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Climate change: the state of the science

Owen, tell me a bit about your event.

Owen – Our event is called ‘Climate change: the state of the science.’ It’s a public event on the 28th of September, one day after the launch of a major climate report from the Intergovernmental Panel on Climate Change (IPCC). It’s IPCC’s Working Group I summary for policymakers. This is a significant milestone because it is the first part of the fifth assessment report from IPCC. The event is being organized by IGBP and partners in Stockholm it’s going to be held at the Kulturhuset, which is right in the main square in the city.

IPCC is finalising the report in Stockholm earlier in the week. There will be a major international press conference on 27 September in the city. The following day, there will be a lot going on in Stockholm. After our event there are plans for a small pop concert. Some Swedish bands and singer-songwriters will be performing. The idea is to raise awareness among young people. It is not officially linked to our event, though.

There will be several events related to the IPCC report around this time. Our event is very much targeted at a very broad audience. Given the significance of the climate change challenge, we felt it important the public has an opportunity to discuss the report with the authors.

Hans Rosling will be one of the key speakers at the event. Can you tell us something about him and why you asked him to speak at the event?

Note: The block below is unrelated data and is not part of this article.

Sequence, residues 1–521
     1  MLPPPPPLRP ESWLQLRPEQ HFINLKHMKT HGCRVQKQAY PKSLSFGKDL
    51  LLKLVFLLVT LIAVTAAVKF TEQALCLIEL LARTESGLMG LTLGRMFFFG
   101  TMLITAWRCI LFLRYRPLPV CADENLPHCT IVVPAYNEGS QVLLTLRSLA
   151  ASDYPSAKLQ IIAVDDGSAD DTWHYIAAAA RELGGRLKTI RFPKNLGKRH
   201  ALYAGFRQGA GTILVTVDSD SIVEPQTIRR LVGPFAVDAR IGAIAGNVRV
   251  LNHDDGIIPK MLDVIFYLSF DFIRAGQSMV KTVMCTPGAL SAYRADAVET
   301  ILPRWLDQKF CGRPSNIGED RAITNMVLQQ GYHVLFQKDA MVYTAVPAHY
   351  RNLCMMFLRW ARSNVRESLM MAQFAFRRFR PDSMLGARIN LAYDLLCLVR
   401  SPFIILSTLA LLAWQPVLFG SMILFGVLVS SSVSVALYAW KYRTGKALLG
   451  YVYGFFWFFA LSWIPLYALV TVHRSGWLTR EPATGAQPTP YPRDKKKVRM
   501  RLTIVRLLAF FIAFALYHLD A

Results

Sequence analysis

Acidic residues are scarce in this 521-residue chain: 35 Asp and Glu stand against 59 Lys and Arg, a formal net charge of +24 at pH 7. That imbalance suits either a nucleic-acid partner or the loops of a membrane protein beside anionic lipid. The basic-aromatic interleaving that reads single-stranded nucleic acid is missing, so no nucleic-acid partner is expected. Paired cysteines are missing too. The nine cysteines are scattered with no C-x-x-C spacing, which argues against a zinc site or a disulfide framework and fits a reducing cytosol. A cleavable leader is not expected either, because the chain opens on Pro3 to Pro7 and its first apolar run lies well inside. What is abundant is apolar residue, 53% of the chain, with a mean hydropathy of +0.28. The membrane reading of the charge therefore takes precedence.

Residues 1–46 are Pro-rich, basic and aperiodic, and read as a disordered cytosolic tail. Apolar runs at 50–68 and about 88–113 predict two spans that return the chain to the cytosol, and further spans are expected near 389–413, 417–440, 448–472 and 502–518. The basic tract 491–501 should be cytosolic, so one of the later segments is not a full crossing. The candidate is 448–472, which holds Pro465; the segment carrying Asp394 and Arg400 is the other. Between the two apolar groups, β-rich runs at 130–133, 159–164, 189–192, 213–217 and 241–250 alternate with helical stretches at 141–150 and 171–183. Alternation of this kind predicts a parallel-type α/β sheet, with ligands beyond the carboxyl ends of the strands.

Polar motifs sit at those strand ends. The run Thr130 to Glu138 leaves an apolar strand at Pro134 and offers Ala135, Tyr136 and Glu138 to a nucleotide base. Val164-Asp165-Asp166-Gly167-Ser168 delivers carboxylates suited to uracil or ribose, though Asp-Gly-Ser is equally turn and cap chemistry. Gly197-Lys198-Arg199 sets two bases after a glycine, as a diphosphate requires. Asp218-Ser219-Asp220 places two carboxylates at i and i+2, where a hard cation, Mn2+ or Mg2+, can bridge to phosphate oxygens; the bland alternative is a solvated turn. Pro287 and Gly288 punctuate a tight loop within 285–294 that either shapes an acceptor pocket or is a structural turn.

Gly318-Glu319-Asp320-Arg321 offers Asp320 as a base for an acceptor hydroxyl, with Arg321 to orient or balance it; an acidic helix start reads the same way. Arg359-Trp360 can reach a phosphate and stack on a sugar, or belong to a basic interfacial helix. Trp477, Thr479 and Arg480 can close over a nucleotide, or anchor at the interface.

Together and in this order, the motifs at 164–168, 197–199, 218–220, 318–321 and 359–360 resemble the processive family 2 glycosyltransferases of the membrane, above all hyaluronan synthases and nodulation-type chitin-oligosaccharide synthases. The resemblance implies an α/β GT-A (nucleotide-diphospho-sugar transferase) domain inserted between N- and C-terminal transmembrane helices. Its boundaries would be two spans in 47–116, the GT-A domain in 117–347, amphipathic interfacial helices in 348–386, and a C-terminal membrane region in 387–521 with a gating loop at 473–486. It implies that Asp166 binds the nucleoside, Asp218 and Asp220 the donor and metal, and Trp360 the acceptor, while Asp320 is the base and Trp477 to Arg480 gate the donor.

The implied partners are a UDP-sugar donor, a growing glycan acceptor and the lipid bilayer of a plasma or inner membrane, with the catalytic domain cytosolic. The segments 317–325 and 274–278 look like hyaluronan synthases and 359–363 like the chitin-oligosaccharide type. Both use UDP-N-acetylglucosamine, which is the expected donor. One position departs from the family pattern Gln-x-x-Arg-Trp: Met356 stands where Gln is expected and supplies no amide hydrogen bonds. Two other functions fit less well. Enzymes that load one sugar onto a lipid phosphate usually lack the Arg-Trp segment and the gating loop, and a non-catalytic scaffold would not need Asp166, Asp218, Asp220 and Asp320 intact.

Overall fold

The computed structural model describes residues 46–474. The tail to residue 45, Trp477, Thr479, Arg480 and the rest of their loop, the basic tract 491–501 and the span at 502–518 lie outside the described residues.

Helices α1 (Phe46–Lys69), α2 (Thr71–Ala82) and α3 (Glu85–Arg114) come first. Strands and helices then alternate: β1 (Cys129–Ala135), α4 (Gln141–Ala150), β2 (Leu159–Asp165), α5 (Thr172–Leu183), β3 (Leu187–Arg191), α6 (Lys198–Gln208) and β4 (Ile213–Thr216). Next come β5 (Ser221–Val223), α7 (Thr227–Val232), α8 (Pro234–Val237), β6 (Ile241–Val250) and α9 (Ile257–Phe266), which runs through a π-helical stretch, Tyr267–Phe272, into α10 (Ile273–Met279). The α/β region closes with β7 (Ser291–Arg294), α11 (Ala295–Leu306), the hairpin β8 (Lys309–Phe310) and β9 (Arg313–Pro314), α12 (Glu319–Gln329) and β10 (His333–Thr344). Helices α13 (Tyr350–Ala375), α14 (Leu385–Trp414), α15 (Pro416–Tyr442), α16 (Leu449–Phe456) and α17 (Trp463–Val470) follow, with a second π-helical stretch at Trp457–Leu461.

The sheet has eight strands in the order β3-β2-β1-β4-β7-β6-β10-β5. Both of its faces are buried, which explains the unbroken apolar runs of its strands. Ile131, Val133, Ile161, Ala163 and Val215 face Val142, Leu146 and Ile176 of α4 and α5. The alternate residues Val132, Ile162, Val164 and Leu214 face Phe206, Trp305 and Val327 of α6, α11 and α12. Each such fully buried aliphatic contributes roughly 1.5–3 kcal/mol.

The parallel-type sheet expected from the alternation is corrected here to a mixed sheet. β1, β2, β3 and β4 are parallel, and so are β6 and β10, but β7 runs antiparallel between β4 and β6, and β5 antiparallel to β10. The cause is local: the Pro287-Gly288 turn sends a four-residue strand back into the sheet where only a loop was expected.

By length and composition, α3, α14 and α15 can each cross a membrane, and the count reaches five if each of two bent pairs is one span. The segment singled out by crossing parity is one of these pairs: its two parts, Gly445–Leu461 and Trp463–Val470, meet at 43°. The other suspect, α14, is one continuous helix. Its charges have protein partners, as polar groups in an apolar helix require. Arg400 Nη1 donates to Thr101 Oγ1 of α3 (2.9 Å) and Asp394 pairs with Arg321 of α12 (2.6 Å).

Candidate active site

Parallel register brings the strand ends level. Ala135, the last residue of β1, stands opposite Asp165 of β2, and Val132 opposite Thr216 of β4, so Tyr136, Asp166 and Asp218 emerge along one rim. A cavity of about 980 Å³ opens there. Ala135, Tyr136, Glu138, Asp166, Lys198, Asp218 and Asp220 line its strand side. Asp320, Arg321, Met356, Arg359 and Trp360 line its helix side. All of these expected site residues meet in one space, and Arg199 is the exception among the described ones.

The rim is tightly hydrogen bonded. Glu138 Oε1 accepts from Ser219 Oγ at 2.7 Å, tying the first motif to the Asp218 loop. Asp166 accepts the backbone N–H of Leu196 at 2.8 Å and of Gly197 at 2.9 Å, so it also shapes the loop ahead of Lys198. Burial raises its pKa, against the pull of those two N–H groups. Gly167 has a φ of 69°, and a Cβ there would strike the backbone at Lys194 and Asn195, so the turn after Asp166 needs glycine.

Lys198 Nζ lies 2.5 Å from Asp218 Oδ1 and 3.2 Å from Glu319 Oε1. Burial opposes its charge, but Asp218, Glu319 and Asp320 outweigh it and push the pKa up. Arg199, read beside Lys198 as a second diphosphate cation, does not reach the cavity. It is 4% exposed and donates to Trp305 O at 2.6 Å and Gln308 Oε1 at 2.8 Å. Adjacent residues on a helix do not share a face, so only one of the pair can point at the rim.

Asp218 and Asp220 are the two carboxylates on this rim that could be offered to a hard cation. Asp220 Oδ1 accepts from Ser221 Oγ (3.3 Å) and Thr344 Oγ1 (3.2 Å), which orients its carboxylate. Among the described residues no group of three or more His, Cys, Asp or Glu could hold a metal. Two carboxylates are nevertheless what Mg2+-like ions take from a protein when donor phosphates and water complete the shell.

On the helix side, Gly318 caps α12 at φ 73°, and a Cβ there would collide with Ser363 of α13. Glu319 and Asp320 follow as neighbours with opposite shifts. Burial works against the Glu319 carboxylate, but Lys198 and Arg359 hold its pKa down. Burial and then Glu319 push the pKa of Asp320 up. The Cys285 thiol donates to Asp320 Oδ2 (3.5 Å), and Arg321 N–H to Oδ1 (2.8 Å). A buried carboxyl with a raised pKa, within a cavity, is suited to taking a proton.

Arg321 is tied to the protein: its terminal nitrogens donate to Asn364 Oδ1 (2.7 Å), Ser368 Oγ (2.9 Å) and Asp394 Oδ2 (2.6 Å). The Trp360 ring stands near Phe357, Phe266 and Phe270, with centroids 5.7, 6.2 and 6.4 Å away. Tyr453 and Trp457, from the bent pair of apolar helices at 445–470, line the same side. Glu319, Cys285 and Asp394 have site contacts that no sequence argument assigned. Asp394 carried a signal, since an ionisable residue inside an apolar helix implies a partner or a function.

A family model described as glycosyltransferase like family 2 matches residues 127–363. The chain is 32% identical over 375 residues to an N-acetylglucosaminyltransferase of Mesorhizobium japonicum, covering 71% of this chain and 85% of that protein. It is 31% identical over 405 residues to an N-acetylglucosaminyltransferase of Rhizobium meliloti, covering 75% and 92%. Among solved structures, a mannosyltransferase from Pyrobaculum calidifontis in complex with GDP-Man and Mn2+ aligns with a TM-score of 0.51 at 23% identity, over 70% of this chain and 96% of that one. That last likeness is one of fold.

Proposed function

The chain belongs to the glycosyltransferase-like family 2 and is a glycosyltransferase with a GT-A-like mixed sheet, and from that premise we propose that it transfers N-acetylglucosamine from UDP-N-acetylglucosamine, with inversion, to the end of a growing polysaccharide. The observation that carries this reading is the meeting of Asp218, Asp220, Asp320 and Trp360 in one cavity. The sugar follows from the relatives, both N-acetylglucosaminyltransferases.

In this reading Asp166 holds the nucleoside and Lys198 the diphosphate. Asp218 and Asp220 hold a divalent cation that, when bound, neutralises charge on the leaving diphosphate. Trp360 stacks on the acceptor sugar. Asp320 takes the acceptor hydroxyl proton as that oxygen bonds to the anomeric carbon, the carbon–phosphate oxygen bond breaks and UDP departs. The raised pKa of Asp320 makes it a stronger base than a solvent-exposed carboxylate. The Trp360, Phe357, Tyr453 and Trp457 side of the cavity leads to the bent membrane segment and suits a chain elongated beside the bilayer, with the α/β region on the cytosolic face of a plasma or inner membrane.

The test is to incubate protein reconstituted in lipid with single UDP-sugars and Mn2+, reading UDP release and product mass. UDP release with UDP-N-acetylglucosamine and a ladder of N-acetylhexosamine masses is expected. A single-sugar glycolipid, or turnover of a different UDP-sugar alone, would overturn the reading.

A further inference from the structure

Owen – Hans Rosling is probably the most famous science communicator in Sweden. He is a public health specialist but in the last decade many of his talks relate to global change, particularly change over the last two centuries. He is a powerful speaker able to communicate complex interconnected issues. He discusses how global change, population health, poverty, energy and climate change are all interrelated. That is why he is so relevant to this context, because he can help put climate change into its broader context. This is completely in line with the work of IGBP – that’s what we’ve been doing for 25 years. We were set up because there was a realization that climate change is part of a much bigger phenomenon. It is fitting then to get Hans Rosling to open such a public forum.

Hans Rosling isn’t the only prominent speaker at your event. Can you tell us a bit about the other scientists on the panel?

Owen – IPCC Working Group I co-chair Thomas Stocker is the main speaker. He’ll outline the findings from the new report. One of the key goals of the event is to open a dialogue about the report. This is tremendously important to the scientific community. In the last four years, the IPCC has been criticised and misrepresented in some parts of the media. Now is a great opportunity to discuss how IPCC operates, its strengths and its limitations. That’s why we will spend an hour taking questions from the audience in the room and from Twitter.

So who else will be on the stage?